Gracefully Unnerving Eyes an Abhorrent Wonder
In an isolated farmhouse in the middle of the countryside, Francisca (Olivia Bond) is being instructed in the ways of life and death by her Mother (Diana Agostini), a former Portuguese surgeon who left that life behind to marry the young girl’s father (Paul Nazak). After a horrifying home invasion tragedy destroys all they hold dear, father and daughter move on with their lives as best they can, continuing to go through their various daily rituals all the while harboring an unimaginable secret deep within the underbelly of their barn.
Years later, an adult Francisca (Kika Magalhaes) continues as she always has, but when her father passes and her barn is suddenly empty, a hole opens in the young woman’s life unlike any she’s ever known before. Soon she is looking for something to fill that space. Francisca wants something, someone, to care for and to nurture, a person she can take under her wing much like her mother did for her, showing them the ways of the world though eyes that are as indescribably unique as they are eerily terrifying.
It’s safe to say there is little else out there like The Eyes of My Mother. As instantly mesmerizing a debut as any I’ve had the good fortune to come across this year, writer/director Nicolas Pesce bursting onto the scene with idiosyncratic relish and ferociously uncompromising tenacity. As if channeling the ghosts of Tod Browning and Mario Bava and combining them with the assaultive brio of Dario Argento, Takashi Shimizu and George A. Romero in their respective primes, he’s made a haunting sojourn into the heart of darkness that’s absolutely petrifying. This is an esoteric, brutally obdurate marvel, one filled with as many delights as it is horrors, everything building to a climax of absurdly disquieting abhorrence that had me shuddering long after the screen faded to black.
Making sense of it all is an admitted chore. Pesce is esoteric to fault, keeping things so nondescript and ephemeral that finding the point of all this casually gorgeous violence is decidedly difficult. There is no character building per se, just the vaguest ideas about who Francisca is and how the traumas from her past, the crazed influence of her father and the extreme isolation of the farmhouse have all conspired to make her what she now is. She’s an idea more than she is anything else, cinematographer Zach Kuperstein’s steely black and white cinematography signifying more about who and what this woman is, as well as who she is likely to become, than just about anything else in the motion picture does.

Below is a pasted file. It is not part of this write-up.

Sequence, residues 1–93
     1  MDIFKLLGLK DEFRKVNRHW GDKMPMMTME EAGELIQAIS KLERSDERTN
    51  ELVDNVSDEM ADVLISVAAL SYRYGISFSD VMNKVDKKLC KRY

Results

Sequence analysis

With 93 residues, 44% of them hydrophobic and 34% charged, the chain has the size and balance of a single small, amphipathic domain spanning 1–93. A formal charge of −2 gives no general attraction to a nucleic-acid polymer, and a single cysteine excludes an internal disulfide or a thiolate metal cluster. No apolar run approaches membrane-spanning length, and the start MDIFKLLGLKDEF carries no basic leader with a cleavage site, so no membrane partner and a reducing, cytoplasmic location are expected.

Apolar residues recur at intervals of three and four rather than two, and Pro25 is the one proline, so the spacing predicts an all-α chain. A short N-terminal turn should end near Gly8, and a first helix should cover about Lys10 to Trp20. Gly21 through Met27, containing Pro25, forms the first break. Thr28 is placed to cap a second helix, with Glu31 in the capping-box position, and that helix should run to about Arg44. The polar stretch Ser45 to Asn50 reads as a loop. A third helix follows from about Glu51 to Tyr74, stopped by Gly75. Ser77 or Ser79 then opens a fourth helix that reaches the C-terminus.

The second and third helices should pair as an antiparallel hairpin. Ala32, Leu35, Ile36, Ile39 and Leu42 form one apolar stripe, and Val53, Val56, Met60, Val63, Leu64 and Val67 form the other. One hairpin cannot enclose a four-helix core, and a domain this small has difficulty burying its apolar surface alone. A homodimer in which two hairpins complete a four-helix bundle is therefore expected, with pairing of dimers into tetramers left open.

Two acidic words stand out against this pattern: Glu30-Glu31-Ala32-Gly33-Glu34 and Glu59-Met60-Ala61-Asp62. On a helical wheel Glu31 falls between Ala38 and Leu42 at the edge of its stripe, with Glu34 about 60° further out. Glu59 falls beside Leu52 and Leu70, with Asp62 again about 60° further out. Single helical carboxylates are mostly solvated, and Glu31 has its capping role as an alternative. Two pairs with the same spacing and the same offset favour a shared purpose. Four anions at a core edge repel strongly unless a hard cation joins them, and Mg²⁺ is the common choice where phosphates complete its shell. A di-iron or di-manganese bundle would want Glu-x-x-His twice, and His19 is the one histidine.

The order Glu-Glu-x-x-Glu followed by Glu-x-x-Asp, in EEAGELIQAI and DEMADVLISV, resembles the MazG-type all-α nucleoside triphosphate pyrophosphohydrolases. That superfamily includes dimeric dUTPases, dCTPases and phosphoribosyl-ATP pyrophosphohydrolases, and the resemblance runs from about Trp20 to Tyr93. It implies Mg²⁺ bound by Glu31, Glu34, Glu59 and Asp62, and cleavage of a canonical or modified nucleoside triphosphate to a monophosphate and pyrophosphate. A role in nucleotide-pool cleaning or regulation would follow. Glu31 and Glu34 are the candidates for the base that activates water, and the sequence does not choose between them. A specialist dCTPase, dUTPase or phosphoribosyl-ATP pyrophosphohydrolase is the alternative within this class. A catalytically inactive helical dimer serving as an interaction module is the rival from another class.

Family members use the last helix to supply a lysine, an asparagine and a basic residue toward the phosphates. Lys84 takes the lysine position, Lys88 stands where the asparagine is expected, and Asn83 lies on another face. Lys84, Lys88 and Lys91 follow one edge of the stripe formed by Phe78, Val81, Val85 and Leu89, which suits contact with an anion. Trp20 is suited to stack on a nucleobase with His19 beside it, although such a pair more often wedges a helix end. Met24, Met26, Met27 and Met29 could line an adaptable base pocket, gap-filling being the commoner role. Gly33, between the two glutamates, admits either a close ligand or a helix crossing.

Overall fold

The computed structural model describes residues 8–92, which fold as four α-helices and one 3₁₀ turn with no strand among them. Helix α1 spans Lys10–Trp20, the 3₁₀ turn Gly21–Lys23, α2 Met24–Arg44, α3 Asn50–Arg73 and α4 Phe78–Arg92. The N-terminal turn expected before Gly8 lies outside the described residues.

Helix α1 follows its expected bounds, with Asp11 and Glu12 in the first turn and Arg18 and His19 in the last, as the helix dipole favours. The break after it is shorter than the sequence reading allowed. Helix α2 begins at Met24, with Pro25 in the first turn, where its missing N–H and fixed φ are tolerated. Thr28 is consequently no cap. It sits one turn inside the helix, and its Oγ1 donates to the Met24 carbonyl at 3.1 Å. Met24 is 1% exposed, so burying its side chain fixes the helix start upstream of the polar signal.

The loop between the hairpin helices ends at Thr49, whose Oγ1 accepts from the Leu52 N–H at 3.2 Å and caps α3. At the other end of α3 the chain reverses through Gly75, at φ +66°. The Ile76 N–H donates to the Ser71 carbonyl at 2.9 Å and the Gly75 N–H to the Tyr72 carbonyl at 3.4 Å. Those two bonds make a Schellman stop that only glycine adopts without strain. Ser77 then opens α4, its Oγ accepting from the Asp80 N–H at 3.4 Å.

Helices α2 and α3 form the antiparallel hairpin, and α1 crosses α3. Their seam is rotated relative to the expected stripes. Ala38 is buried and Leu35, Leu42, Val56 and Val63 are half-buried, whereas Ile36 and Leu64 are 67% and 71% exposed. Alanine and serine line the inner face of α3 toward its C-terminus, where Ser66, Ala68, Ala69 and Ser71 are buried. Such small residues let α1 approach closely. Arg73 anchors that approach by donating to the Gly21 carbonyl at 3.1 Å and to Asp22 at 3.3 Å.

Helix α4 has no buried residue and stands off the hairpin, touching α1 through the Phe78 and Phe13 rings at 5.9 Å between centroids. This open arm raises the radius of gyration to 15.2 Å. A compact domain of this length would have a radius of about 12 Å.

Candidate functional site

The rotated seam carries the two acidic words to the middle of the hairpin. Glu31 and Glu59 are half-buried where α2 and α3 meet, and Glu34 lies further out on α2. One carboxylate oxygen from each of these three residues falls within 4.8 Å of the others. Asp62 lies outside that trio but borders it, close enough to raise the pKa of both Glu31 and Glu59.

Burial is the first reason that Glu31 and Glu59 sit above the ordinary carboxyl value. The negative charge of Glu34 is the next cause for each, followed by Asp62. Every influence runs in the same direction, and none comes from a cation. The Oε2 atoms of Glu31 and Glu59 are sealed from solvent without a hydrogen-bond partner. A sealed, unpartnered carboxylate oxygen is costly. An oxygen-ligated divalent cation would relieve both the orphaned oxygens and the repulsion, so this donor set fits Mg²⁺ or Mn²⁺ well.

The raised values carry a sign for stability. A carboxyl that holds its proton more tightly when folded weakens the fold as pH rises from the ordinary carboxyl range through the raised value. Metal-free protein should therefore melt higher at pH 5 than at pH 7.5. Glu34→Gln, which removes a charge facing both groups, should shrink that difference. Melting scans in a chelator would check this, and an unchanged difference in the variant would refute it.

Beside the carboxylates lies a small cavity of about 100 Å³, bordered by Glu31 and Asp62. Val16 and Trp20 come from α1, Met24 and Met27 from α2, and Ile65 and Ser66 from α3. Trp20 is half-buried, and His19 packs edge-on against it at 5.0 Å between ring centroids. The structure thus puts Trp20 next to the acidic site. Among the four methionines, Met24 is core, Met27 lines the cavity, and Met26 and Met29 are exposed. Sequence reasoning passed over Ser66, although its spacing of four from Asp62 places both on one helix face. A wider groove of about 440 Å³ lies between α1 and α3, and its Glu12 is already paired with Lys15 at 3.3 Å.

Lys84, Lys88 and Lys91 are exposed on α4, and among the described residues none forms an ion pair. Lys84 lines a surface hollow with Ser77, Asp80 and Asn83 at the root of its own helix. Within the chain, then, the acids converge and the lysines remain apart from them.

Yet, this is a movie more about how it makes the viewer feel than it is almost anything else, and on that level Pesce succeeds like gangbusters. Following Francisca around is observational perversity, her categorically undying need to make a personal connection with whomever she can whenever she can creating an aura of ubiquitous anxiety that seeps under the skin with the subtle grace of a mosquito sucking blood in the middle of the night. Seeing her troll area bars searching for someone, not exactly knowing who that will be or why she needs to, only to be beyond aghast when they’re scared to death once they realize what’s happening inside the walls of the barn adjacent to her home, it’s profoundly disturbing, and that’s only the beginning of the psychological devastation that will slowly unfurl as things progress towards the film’s final act.
I can’t talk about that last third for reasons that will become apparent to anyone watching the movie. Safe to say, it’s glorious, but it’s also disgusting. What Francisca does, how she decides to fill that hole in her life, it’s unquestionably unpardonable, making her a demonic creature who hides behind a wholesomely timid smile of friendship. Yet she is a demon who has no idea just how terrible she is, believing in her heart of hearts she’s doing good even if the truth is anything but. It’s a slow, delicate walk straight into the heart of darkness; the mirror image staring back so chilling it stops the blood cold. The Eyes of My Mother is a riveting, repugnant work of repellent art, Pesce crafting a gracefully unnerving calling card sure to be debated and discussed for some time to come.
– Review reprinted courtesy of the SGN in Seattle
Film Rating: 3 (out of 4)